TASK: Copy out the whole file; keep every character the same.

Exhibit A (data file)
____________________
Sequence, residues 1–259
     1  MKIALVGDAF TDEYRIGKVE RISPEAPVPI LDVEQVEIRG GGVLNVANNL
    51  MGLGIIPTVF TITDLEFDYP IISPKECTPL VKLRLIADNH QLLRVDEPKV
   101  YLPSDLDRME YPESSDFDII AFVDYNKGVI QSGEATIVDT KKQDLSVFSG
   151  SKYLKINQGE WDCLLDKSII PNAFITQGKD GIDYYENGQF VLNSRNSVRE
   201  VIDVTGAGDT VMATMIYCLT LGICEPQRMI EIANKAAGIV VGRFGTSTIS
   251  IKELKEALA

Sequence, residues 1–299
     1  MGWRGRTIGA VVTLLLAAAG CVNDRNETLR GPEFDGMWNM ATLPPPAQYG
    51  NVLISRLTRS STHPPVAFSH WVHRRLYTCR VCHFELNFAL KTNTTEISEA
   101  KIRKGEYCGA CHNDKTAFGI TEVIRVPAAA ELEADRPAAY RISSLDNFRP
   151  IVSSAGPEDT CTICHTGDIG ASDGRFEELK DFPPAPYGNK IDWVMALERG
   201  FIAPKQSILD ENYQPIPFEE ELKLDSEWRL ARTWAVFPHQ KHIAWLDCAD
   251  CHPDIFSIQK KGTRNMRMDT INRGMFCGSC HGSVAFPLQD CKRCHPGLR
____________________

Sequence, residues 1–259
     1  MKIALVGDAF TDEYRIGKVE RISPEAPVPI LDVEQVEIRG GGVLNVANNL
    51  MGLGIIPTVF TITDLEFDYP IISPKECTPL VKLRLIADNH QLLRVDEPKV
   101  YLPSDLDRME YPESSDFDII AFVDYNKGVI QSGEATIVDT KKQDLSVFSG
   151  SKYLKINQGE WDCLLDKSII PNAFITQGKD GIDYYENGQF VLNSRNSVRE
   201  VIDVTGAGDT VMATMIYCLT LGICEPQRMI EIANKAAGIV VGRFGTSTIS
   251  IKELKEALA

Sequence, residues 1–299
     1  MGWRGRTIGA VVTLLLAAAG CVNDRNETLR GPEFDGMWNM ATLPPPAQYG
    51  NVLISRLTRS STHPPVAFSH WVHRRLYTCR VCHFELNFAL KTNTTEISEA
   101  KIRKGEYCGA CHNDKTAFGI TEVIRVPAAA ELEADRPAAY RISSLDNFRP
   151  IVSSAGPEDT CTICHTGDIG ASDGRFEELK DFPPAPYGNK IDWVMALERG
   201  FIAPKQSILD ENYQPIPFEE ELKLDSEWRL ARTWAVFPHQ KHIAWLDCAD
   251  CHPDIFSIQK KGTRNMRMDT INRGMFCGSC HGSVAFPLQD CKRCHPGLR